Using technology to maintain fire solutions on mine sites

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By John Lynch, General Manager, Wormald Business Support Services

A fire in a mine can pose a very serious threat.  If under prepared, the consequences can be devastating.  The hazardous nature and typical remoteness of mining operations means that fire safety equipment and systems must be kept in peak condition to ensure they work effectively in the event of an emergency.

Protecting mine sites requires many different types of fire safety systems and equipment.  The types of environments may include process plants, underground conveyors, static and mobile plants, draglines, workshops, substations, monitored control centre rooms and switch rooms.  Unfortunately keeping everything checked and maintained can be a time intensive task that can easily slip down the priority list.

In accordance with the strict requirements for the servicing of fire suppression systems and equipment as outlined in the Australian Standard AS1851-2012 “Routine Service of Fire Protection Systems and Equipment”, it is vital that maintenance of fire safety systems and equipment on mine sites is kept up to date.  This includes inspection, testing, preventative maintenance , managing defects and repairs and survey activities.

To help mine site managers keep track of their maintenance obligations, mine sites are increasingly turning to new technology.  One such system is Wormald Connect, an online portal that can centralise and manage fire safety maintenance.  This web-based online portal provides 24 hour access to fire service calls and inspections data, and provides instant visibility to any system that may need routine maintenance and servicing.  It allows maintenance schedules to be booked at any time that suits and stores data for easy analysis or the data can be exported for further analysis or record keeping. Inspection summaries can also be filtered to suit a customer’s individual needs.

Entirely web based, the Wormald Connect service is available to all Wormald clients at no extra cost and there is no requirement for you to invest in proprietary software or hardware.

For mining companies, automated maintenance technology can be particularly beneficial to keep track of multiple mine sites that may be located across different states and territories. It can help centralise fire safety maintenance and ensure every site is safe and compliant.  The portal can also provide comprehensive reporting capabilities for each location, with data accessed in real-time around the clock provided there is access to the internet.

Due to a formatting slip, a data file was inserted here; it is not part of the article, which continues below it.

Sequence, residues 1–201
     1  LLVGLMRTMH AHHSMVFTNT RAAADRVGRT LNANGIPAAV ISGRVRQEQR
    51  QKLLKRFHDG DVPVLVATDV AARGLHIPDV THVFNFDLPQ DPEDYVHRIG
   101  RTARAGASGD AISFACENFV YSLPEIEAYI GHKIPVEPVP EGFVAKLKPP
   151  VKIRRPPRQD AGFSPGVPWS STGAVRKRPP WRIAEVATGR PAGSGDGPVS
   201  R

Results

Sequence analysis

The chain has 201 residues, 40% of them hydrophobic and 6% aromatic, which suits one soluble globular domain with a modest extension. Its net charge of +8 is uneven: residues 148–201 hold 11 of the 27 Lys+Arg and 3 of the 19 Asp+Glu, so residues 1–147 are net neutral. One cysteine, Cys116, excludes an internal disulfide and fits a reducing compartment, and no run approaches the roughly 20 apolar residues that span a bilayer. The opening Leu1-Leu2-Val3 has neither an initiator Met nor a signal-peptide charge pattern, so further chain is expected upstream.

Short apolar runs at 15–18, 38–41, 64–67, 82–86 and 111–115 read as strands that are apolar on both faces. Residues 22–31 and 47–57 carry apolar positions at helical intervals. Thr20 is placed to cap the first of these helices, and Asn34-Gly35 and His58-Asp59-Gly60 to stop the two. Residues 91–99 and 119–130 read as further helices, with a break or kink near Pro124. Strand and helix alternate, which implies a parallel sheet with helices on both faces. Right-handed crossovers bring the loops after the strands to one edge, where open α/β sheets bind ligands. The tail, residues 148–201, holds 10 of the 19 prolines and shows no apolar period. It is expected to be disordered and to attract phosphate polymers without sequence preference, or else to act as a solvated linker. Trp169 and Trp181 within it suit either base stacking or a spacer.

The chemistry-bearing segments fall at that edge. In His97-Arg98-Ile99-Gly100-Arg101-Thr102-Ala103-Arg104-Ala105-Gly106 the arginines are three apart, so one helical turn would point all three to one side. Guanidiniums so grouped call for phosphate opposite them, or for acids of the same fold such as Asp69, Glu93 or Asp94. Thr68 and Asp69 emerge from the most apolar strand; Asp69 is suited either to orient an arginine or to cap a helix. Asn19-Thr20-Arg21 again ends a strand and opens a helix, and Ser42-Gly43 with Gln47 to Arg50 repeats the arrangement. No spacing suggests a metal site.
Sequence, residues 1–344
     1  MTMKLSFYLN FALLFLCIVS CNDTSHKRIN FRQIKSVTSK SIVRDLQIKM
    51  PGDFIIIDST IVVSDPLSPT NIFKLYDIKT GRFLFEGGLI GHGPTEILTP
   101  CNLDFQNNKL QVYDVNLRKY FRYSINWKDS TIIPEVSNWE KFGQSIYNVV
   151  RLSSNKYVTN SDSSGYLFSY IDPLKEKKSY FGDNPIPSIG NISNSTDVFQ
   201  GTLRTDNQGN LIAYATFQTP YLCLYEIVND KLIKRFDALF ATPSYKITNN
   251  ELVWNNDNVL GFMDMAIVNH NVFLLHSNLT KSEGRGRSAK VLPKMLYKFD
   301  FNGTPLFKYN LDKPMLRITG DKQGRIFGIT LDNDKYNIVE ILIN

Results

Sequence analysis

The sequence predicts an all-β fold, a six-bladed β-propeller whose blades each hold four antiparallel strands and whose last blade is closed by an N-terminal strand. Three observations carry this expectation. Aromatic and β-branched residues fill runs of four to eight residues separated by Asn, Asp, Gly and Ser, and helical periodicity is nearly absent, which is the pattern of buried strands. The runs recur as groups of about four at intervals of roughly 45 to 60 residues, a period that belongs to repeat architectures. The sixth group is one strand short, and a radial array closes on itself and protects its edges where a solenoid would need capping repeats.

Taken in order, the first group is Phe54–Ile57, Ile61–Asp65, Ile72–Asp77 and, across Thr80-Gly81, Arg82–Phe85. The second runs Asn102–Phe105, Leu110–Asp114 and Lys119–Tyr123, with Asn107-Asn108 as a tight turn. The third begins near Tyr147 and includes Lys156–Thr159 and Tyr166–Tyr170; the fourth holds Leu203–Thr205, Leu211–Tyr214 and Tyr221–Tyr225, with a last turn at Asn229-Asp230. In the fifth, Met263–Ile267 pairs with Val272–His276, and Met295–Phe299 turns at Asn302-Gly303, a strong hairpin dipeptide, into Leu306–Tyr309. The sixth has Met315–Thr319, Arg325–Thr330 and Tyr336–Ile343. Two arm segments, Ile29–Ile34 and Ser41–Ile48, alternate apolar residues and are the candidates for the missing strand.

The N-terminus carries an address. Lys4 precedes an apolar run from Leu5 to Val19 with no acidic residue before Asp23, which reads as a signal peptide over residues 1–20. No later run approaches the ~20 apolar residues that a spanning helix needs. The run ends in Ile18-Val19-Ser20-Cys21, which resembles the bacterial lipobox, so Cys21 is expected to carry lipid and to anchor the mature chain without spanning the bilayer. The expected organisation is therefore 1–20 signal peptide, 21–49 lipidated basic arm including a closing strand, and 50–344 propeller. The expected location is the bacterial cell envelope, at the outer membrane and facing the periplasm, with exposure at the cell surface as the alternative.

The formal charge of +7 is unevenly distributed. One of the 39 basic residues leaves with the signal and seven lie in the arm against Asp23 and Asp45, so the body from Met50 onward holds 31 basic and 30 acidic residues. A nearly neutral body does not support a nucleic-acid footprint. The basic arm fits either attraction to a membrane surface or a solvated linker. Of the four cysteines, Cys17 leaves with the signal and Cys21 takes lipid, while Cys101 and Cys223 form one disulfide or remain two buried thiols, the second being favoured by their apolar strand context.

Knowing that a mine site’s fire safety equipment and systems are well maintained and regularly tested is reassuring and while automated maintenance technology can be a valuable tool, it should be noted that technology cannot replace the role of human intuition, management and accountability. Mine site safety managers need to remember that it is their responsibility to ensure fire safety requirements are met and that they adhere to regulations and relevant standards applicable in their State.

For further information about using technology to maintain mining operations, call Wormald on 133 166 or visit www.wormald.com.au.

Wormald joins forces with ADT Security for QME

By Sjef Klaassen, Regional Manager Fire and Security QLD & NT

ADT Security_Mining 2We know that the complexities and dangers of the mining industry create complex fire and security requirements. To offer the mining industry cohesive end-to-end solutions, we are bringing our fire and security expertise together under one banner at the Queensland Mining & Engineering Exhibition (QME).

Wormald will join forces with ADT Security to exhibit under Tyco Integrated Fire & Security.

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Prepare to keep mine sites fire safe

By Garry Kwok, National Technical Services Manager at Wormald

Wormald fire suppression system - heavy vehicles2Considering the hazardous and remote nature of mining operations, mine sites are at a high risk of fire. Therefore, fire protection should be top of mind for mine site supervisors and operations managers.

A Queensland University of Technology study found that between 1990 and 2005, fire and explosions were one of the eight key causes of 85 per cent of mining fatalities in Australia.

Adequate fire protection is not only a financial and regulatory necessity, but an ethical one. Mine site supervisors and operations managers should consider the following to help ensure their sites are fire safe: Continue reading